My first impressions of Is The Is Are by DIIV (or 'DIV', as my girlfriend Vicky calls them) were uncertain. There were clearly some very strong tunes in there somewhere, but the album's washy, reverb-heavy production initially made it hard for me to really enjoy those cool riffs and insistent motorik beats. I longed for a rawer, more live-sounding version of the album, with fewer guitar effects and a more rough 'n' ready mix that might allow me to hear Zachary Cole Smith's lyrics properly.
That title is rubbish, too. A nonsensical string of stopwords with an awkward glottal stop wodged uncomfortably in the middle doesn't exactly endear me to your creative vision, Mr Smith.
I was almost ready to give up on ITIA, but last night, I read the album's Wikipedia entry and it gave those 17 tracks a bit of context. DIIV, and Smith in particular, seemingly had a hell of a time whilst making this record; tour dates were cancelled due to exhaustion, sessions in San Francisco were abandoned, and Smith was arrested for possession of a controlled substance, which led to a stint in rehab. The bassist briefly found himself at the centre of a minor maelstrom after allegedly posting an assortment of bigoted messages on 4chan. Oh, and the drummer quit the band.
Recording your second album is a notoriously difficult stunt at the best of times, and such events can't have made things any easier for DIIV. But the storms that battered this album's journey from initial conception to general release does cast ITIA's sound in an interesting light; here's something that Smith said to the NME in an interview last summer:
"I know I have to stay alive at least until the album's done...I know it's by far the most important thing I'll ever do. That's very empowering, no matter what fucked-up shit is going on.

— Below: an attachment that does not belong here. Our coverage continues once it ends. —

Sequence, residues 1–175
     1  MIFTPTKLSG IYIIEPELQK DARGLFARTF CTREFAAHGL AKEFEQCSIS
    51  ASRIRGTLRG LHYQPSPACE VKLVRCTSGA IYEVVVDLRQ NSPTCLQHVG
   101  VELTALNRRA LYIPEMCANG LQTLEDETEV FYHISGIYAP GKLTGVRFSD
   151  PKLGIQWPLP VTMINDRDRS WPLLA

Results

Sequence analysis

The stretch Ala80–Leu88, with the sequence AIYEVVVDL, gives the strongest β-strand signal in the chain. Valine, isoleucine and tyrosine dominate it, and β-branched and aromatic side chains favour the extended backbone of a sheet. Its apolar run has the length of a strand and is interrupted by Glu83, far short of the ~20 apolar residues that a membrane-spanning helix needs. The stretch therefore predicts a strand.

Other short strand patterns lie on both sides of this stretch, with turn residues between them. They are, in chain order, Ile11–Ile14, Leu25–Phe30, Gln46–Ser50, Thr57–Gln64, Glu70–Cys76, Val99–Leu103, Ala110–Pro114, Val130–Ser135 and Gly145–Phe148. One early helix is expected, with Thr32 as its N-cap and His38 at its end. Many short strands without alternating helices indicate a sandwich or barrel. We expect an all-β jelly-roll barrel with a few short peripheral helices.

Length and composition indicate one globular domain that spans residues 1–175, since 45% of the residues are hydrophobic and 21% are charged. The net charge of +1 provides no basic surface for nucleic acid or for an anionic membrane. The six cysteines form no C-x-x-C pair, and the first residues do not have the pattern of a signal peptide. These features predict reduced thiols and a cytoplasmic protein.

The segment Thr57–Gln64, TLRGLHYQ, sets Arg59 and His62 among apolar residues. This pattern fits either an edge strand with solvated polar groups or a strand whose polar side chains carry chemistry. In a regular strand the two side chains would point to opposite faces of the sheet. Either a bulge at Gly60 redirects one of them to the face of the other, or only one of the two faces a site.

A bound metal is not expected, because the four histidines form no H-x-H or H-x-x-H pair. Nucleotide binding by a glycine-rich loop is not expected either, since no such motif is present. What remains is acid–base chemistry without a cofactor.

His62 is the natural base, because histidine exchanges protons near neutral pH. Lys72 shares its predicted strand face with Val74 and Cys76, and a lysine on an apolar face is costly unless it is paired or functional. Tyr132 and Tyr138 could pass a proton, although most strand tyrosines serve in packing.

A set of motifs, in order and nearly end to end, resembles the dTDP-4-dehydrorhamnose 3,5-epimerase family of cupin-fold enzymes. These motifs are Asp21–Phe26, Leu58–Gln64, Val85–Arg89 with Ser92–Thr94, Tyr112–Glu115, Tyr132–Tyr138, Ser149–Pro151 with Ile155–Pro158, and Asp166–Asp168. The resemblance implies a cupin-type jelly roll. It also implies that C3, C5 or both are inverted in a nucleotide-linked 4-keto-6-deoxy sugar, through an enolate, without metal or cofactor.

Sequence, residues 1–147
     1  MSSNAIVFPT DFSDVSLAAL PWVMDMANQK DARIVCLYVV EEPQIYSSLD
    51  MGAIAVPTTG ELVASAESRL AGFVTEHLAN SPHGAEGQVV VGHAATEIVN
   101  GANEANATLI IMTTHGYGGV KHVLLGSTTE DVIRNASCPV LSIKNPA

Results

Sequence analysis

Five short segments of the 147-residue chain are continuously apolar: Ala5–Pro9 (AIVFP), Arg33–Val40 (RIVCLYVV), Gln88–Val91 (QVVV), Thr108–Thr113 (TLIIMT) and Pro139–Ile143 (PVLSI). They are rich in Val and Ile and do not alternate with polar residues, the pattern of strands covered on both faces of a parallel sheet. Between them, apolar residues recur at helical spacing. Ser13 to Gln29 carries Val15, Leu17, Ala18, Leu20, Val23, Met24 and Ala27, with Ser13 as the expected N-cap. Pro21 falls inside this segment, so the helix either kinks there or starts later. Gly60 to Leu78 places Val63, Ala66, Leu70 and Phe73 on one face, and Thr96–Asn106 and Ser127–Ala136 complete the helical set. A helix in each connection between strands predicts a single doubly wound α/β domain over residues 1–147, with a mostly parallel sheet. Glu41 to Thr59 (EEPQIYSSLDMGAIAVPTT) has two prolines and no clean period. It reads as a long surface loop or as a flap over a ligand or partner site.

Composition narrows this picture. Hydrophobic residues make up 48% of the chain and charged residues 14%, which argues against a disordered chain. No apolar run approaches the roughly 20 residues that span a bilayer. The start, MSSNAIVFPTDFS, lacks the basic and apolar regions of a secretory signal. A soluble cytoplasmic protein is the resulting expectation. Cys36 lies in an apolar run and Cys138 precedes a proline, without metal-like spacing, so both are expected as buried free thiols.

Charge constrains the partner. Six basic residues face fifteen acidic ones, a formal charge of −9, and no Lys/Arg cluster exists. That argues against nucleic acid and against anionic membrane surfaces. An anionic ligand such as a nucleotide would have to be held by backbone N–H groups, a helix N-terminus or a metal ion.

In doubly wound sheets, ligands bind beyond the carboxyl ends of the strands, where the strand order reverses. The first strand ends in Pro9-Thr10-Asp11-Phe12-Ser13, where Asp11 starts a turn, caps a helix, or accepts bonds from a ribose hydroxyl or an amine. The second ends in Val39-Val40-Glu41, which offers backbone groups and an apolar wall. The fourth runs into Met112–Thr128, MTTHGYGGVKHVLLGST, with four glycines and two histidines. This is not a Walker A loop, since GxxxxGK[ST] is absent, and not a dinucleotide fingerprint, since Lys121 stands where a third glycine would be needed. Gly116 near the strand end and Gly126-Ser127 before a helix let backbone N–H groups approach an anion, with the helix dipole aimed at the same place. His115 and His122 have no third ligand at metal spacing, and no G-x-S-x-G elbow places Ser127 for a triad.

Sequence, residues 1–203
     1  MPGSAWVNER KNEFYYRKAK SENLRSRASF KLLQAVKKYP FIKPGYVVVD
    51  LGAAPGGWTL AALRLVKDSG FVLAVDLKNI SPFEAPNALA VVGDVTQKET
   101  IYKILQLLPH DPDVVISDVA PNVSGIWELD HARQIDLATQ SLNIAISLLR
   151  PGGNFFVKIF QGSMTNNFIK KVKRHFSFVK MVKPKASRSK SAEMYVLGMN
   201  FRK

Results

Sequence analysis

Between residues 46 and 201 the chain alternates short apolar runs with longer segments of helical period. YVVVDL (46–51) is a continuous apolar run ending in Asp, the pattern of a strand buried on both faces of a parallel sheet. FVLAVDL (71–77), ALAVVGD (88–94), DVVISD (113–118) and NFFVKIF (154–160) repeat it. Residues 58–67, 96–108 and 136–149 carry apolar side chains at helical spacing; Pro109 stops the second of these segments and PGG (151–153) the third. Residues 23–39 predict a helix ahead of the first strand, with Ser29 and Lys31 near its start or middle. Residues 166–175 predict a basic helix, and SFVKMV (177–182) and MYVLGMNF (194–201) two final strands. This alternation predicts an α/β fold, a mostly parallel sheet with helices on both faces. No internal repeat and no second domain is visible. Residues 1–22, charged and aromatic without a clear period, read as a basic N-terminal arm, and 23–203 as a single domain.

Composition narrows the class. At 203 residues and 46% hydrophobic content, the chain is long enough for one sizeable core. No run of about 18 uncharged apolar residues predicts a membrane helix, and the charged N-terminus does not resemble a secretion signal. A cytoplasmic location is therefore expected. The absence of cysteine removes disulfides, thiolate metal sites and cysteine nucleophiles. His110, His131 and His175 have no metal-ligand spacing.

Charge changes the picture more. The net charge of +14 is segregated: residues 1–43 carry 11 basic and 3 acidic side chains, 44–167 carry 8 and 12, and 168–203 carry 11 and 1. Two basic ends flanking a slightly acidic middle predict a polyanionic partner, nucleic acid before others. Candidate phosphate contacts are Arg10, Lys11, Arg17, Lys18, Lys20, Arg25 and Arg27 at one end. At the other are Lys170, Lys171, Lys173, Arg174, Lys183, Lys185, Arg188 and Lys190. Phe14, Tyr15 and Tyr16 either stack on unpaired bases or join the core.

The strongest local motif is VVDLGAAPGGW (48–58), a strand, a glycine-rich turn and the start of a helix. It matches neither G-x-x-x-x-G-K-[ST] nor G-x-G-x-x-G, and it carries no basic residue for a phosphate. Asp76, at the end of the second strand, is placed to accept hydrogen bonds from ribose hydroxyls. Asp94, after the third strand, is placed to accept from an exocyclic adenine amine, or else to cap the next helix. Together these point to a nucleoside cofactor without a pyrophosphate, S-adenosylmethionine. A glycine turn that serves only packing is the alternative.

"Every day is a struggle, but I have to be the best I can, stay sober and finish this record."Once you've read that, this album's sound - the delay that ricochets off the edges of each song, the muffled melodies that just barely penetrate the record's fuzzy, hall-of-mirrors aura - starts to sound very apt indeed. As I mentioned several paragraphs ago, the songs underneath it all are very strong indeed (my personal favourites are Valentine, Yr Not Far, and the title track), and while I would still love to hear a dryer mix of Is The Is Are, I've come to appreciate that the record's turbulent, slightly hazy sound is the perfect reflection of the turbulent experiences that spawned it, and the uncertainty that everyone involved must have felt as to whether or not it would ever see the light of day.
Even the clunky meaninglessness of the title is forgiveable given the album's apparent mission statement. "I wanted it to show humanity, imperfect and flawed," said Smith once his magnum opus had finally materialised in stores, and to his credit, Is The Is Are more or less achieves that goal - as an impressionistic portrait of a very imperfect, very flawed, and very challenging few years, it works very well indeed.